What Are the Effects of Mixing Painkillers and Alcohol?

Anyone who has taken any form of medication or watches television has seen the warning regarding mixing certain types of medications with alcohol. Mixing alcohol with painkillers can be a deadly combination.1 This article will discuss the general effects of mixing alcohol with painkillers and briefly outline a treatment plan to address abuse or addiction to both.

Side Effects of Taking Painkillers with Alcohol

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There are many different types of analgesics or painkillers on the market. The general rule of thumb is not to drink alcohol if you are taking certain types of painkillers and over-the-counter (OTC) analgesics, including:

  • Opioid painkillers that can only be acquired via a physician’s prescription.
  • OTC analgesic medications containing acetaminophen.
  • Non-steroidal anti-inflammatory medications if you’re at risk of gastric or peptic ulceration, or otherwise experiencing gastrointestinal irritation.

In order to determine how to safely use the drug and what other drugs are safe to take with it, you should:

  • Only take the medication in the suggested dosage and over the successive time intervals listed on the instructions.
  • Do not drink moderate to large amounts of alcohol even if there is no warning about mixing alcohol and the medication that one is taking (moderate to heavy drinking is considered to be 4 to 5 drinks a day).
  • Always refer to the patient information insert that comes with medication for information regarding what types of drugs can and cannot be taken with the analgesic.
    • You can always contact your physician or your pharmacist if you have further questions. It never hurts to ask.

The side effects of taking prescription painkillers and alcohol together include:2,3

  • Potential for synergistic effects.
    • Painkillers have the effect of depressing central nervous system functions. Alcohol has the same effect. Using both alcohol and painkillers together results in a more severe depressive effect than either taken separately.
  • Increased potential for overdose.
    • When you drink alcohol, the amount of a particular painkiller needed to produce an overdose can be significantly decreased.
  • Increased sedation. This can result in issues with judgment.
  • Aggression.
  • Increased potential for developing:
    • Brain damage.
    • Damage to the cardiovascular system.
    • Damage to the liver.
    • Damage to the gastrointestinal tract.
    • Damage to the respiratory system as a result of multiple drug use.
  • Physical effects, such as:
    • Dizziness.
    • Nausea.
    • Vomiting.
    • Alterations in your heartbeat.
    • Depressed respiration.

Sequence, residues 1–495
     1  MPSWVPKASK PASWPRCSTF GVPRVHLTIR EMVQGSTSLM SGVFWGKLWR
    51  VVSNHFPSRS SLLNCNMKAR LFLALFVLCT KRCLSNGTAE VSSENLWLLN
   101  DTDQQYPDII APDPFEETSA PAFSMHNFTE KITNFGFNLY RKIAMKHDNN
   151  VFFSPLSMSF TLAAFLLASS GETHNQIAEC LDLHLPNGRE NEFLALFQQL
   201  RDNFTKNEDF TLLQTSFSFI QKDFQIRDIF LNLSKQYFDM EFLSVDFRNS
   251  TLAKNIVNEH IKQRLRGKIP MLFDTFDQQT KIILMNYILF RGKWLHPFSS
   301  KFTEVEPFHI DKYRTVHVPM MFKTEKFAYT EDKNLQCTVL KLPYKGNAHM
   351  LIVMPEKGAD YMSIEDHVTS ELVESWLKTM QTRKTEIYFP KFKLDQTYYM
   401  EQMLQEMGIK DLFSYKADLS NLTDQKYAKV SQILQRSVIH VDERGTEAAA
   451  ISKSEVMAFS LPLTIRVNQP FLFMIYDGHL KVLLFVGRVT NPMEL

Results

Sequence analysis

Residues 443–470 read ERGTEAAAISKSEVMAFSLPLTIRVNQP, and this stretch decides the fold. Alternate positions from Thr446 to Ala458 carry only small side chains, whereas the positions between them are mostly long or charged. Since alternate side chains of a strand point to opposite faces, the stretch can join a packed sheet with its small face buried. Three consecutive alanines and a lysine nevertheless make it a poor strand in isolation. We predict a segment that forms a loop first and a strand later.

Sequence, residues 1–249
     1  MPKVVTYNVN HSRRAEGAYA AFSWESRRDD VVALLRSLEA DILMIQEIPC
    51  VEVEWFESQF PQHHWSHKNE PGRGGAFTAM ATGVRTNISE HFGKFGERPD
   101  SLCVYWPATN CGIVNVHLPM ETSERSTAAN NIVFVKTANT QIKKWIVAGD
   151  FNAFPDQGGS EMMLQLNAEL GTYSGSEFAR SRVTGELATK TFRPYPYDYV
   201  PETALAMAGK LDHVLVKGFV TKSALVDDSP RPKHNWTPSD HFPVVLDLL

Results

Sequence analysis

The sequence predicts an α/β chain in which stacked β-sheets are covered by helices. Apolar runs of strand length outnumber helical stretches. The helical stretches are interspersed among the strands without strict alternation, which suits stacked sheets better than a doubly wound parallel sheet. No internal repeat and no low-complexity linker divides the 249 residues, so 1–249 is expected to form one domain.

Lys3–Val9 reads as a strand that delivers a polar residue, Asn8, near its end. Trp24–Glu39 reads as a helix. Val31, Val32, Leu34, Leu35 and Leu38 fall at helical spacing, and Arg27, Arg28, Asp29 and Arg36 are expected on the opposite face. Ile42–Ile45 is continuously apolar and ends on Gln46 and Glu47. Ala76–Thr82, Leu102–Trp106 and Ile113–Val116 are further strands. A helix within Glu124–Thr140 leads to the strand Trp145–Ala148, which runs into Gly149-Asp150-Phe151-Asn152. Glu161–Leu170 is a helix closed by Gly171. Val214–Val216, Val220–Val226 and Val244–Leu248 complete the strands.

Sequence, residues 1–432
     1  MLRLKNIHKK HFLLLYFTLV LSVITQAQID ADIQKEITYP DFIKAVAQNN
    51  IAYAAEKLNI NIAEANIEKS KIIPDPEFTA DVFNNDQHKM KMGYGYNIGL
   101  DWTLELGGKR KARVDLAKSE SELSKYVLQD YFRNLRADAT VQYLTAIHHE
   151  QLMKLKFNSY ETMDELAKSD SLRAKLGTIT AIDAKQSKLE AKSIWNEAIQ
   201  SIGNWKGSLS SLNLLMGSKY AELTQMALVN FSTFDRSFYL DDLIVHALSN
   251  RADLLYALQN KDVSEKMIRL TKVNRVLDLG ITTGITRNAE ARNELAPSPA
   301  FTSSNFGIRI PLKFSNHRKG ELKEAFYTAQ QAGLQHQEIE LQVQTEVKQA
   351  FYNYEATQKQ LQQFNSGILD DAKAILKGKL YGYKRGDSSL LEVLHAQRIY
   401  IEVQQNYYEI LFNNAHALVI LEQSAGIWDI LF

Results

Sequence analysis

• Unconsciousness.
  • Psychological effects, such as:
    • Depression.
    • Anxiety.
    • Development of psychosis (hallucinations and delusions).
  • An increased potential to develop physical dependence or addiction.

Treatment for Addiction to Painkillers and Alcohol

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Painkillers that are potentially highly addictive typically have to be purchased with a prescription. Individuals who become addicted to narcotic pain medications and alcohol run the risk of developing a serious physical dependence to both drugs. This can complicate treatment.

Depending on the level of physical dependence that has been developed to alcohol and to any narcotic medication, there are several steps involved in the treatment of addiction to painkillers and alcohol. These steps include:4

  • A comprehensive assessment of the individual’s substance use history, personal history, psychological history and medical history.
    • The assessment also should include an assessment of the individual’s support system, obligations and any legal entanglements.
  • A medical detox program if physical dependence is found to be present.
    • This will typically include medically supervised administration of medication to assist an individual in negotiating through the detoxification process and withdrawal period.
  • Long-term maintenance, therapy, and support following detox.
    • Many individuals are under the mistaken impression that their treatment is over after the detoxification process is complete and they are free of their addiction. Nothing could be further from the truth. The detox process is simply the first step in recovery. Individuals will also require:

If you’re concerned that the co-abuse of alcohol and painkillers is impacting your health, or that of someone close to you, substance abuse treatment programs can help. Call us at 1-888-919-3845  to speak with a treatment support advisor about your recovery options.

Sources

  1. National Institute on Alcohol Abuse and Alcoholism. (2014). Harmful Interactions: Mixing Alcohol with Medicines.
  2. Ingersoll, R. E., & Rak, C. (2015). Psychopharmacology for Mental Health Professionals: An Integrative Approach. Stamford, CT: Nelson Education.
  3. Doweiko, H. (2011). Concepts of Chemical Dependency. (8th Ed.) Stamford, CT: Nelson Education.
  4. Miller, W. R., Forcehimes, A. A., & Zweben, A. (2011). Treating Addiction: A Guide for Professionals. New York: The Guilford Press.
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